After a successful birding trip above El Cope in the morning, and after a tasty lunch in town, Gloriela, Euclides "Kilo" Campos, Rafael Luck and your blogger host decided to visit the Aguadulce Salinas (saltponds), barely one and a half hours away. As you know by now, the saltponds are great for shorebirds and waders, and the migration season just started so it was an obvious choice to end the day. The idea proved to be very good when we started to see tons of shorebirds, mostly Semipalmated and Western Sandpipers, but also Least Sandpipers, both Greater and Lesser Yellowlegs and the omnipresent Black-necked Stilts. Most of the peeps were wearing their non-breeding plumage, lacking the patterns and colours of the alternate (breeding) plumage and looking confusingly similar. Far away, a flock of Brown Pelicans and Great Egrets also included a Roseate Spoonbill, easily spotted by its rich pink plumage. Kilo recently visited the site, finding Stilt Sandpipers, so we were after them. Of course, Kilo was the first one to spot one of them. The slim bird looked huge in comparison to the peeps that were accompanying him. This particular individual still had some barring in the underparts and seemed to have a problem with one of his legs.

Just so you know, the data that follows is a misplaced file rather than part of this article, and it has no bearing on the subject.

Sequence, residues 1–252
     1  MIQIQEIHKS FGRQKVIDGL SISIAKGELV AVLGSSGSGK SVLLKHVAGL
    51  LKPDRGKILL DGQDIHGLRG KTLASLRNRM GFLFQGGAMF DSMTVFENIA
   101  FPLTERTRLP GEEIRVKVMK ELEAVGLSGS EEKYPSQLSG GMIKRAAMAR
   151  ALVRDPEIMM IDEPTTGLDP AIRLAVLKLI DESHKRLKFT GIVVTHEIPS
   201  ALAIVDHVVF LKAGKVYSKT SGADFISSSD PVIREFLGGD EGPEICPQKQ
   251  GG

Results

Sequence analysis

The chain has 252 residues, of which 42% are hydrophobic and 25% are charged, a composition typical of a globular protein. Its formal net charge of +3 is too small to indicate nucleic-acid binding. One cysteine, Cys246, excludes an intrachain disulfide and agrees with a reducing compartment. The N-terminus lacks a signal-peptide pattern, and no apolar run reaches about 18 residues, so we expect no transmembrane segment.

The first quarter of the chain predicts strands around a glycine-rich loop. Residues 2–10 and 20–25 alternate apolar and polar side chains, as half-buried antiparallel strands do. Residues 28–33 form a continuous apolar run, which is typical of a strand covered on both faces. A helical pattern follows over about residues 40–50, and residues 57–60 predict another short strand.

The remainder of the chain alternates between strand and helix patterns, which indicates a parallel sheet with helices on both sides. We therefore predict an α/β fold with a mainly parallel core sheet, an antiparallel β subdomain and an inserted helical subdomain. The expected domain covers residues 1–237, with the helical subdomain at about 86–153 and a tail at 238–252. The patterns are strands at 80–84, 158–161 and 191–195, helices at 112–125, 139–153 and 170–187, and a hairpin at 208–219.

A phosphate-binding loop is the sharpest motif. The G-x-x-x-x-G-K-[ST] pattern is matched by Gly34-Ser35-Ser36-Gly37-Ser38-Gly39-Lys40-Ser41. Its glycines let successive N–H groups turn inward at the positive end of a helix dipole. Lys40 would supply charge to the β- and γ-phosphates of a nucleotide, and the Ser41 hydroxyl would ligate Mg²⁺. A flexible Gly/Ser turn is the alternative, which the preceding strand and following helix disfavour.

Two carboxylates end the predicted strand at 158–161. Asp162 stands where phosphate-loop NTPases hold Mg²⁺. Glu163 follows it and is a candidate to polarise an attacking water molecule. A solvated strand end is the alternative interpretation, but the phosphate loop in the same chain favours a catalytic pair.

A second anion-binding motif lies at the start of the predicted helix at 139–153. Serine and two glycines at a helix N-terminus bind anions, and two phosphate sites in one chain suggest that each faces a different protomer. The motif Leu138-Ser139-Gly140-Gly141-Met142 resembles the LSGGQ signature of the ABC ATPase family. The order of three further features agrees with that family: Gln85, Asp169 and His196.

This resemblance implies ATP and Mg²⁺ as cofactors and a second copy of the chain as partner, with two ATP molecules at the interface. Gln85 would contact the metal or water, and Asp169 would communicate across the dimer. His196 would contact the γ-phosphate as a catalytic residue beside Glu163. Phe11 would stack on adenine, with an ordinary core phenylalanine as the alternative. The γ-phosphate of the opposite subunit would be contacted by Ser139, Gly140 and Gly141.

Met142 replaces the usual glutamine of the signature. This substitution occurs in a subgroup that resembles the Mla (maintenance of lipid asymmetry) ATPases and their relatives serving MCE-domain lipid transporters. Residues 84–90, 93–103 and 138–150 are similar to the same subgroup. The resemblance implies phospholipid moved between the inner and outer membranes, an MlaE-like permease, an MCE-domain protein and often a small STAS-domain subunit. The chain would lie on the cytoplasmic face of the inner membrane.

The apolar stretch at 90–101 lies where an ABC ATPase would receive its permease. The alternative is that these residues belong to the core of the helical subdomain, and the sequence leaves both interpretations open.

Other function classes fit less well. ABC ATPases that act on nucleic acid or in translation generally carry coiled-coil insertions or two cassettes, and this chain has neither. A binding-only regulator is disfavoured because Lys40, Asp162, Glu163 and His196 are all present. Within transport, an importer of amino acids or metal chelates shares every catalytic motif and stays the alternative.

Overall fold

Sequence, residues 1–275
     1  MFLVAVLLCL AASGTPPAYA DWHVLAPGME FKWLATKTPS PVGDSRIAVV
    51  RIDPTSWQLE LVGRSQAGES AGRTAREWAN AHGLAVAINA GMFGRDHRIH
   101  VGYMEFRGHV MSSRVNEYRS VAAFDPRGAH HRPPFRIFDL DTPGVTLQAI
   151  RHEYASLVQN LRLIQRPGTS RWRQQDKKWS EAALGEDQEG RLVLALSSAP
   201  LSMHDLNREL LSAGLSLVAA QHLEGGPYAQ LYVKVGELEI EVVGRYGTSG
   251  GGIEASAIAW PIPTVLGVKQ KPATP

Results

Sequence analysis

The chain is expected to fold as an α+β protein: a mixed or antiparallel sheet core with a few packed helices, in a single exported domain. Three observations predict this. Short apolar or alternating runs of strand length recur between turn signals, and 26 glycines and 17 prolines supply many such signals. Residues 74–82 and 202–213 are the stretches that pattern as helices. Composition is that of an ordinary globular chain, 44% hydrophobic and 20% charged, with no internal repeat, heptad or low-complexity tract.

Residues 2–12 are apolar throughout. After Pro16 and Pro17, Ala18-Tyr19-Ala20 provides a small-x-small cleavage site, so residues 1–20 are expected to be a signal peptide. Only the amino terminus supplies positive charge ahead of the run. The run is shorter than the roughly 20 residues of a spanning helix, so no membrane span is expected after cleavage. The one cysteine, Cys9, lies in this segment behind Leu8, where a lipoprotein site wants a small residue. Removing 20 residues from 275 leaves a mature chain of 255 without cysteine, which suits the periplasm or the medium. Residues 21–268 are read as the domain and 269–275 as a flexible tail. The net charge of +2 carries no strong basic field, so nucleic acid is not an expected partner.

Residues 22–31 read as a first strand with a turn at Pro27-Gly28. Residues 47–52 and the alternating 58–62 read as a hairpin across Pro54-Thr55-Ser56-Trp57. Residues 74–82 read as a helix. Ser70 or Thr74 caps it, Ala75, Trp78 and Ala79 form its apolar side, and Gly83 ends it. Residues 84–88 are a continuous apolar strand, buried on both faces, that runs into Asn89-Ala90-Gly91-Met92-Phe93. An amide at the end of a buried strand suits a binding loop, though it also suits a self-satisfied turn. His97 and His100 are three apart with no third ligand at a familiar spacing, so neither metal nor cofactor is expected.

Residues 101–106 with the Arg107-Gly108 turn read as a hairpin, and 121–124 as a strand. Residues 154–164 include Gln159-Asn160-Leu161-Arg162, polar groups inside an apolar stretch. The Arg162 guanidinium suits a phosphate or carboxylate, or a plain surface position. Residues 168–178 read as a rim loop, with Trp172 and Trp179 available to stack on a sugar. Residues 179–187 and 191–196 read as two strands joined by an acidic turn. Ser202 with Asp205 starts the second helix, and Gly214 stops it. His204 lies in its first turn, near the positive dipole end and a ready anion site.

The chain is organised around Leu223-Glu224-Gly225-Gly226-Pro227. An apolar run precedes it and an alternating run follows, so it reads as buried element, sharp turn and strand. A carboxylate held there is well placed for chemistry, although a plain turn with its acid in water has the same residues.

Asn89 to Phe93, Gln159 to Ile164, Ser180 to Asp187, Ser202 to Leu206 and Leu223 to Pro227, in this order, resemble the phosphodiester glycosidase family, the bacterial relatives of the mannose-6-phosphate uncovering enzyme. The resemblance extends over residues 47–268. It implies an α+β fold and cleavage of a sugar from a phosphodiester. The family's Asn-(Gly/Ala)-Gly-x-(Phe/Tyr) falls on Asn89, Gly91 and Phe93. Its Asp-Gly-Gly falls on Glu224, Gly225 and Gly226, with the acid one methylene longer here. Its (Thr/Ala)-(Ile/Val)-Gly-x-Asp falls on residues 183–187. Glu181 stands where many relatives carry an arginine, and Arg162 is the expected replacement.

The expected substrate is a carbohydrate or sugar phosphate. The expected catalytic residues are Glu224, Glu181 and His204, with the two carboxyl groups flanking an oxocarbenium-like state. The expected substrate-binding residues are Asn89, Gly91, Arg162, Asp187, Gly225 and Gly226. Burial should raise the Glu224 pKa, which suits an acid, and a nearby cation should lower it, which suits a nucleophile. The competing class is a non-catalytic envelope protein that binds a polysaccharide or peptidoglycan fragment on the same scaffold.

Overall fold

We found more individuals along the saltponds, usually with other peeps. Each time we stopped, we found a new species. We saw three plovers species (Black-bellied, Collared and Semipalmated Plovers), all in non-breeding plumage, many young Black-necked Stilts (just a little bigger than the last time I was there), a Gull-billed Tern and two terns that I'm tentatively calling Caspians'. The waders were well represented. We found Great, Snowy and Cattle Egrets, Little Blue and Tricolored Herons and then, a nice surprise for me. In a random stop, just to check one of the ponds that was full with peeps and yellowlegs, Kilo focused on a distant heron with Rafael's scope. I could not believe it when he said "Reddish Egret", and there it was, a dark-phase (immature) Reddish Egret perched on a log. WOW, my second lifer for the day! This species seems to be rare, but regular, in Aguadulce and recently one individual was sighted by members of the Panama Audubon Society (probably the earliest date for this species in Panama, here is the report with photos at XENORNIS). Curiously, it is always found away of the road and, in Panama, it have been found in saltponds, sandy beaches and rivers (in the Caribbean side of the Panama Canal). We were able to watch through the scope its pale-reddish head and long neck, and its mostly dark bill. My distant shot shows its distinctive jizz (looking more like a Great Egret than a Little Blue Heron) and the overall dark colour. After a couple of minutes, the bird started to feed in its unique manner, running erraticly from one side to another, sometimes using its wings for change direction. It was so funny to see. The egret was a lifer for Rafael and Gloriela too (like the Stilt Sandpiper as well), so everyone, except Kilo, got a lifer in this trip. But the trip was not over. We reached the beach and then started to return, finding only a Common Black-Hawk with an unidentified shorebird in the claws and at least 150 Black Skimmers flying over the ponds. We stopped again to check a huge mixed flock of resting shorebirds. I found a flock of resting Sanderlings in the opposite side of the road while Kilo was mounting the scope. Meticulously, he checked each one of the birds in the flock, finding at least to hidden birds with dark gray backs, contrasting with the Ruddy Turnstones. He asked me to have a look to confirm his id: a pair of Surfbirds, his nemesis bird. I was able to see its white rump and its mottled underparts confirming the id! A lifer for Kilo! Now officially everyone got a lifer in this trip! Of course, Kilo jumped to the muddy pond without thinking it twice (and I followed him) to have a closer look of the birds. Eventually we got very close to the birds, and then he was able to see its yellow legs and bill (that is Kilo in the pic, watching his lifer). My photo of the flock turned out to be overexposed, a mistake that I was not able to correct using photoshop, but I like the final effect of colourful, blurry shorebirds. With imagination, you can see two Surfbirds, tons of Ruddy Turnstones, Willets and Whimbrels, and a lonely Short-billed Dowitcher (just behind the first Surfbird to the left). What a great way to end a birding day... lifers for everyone!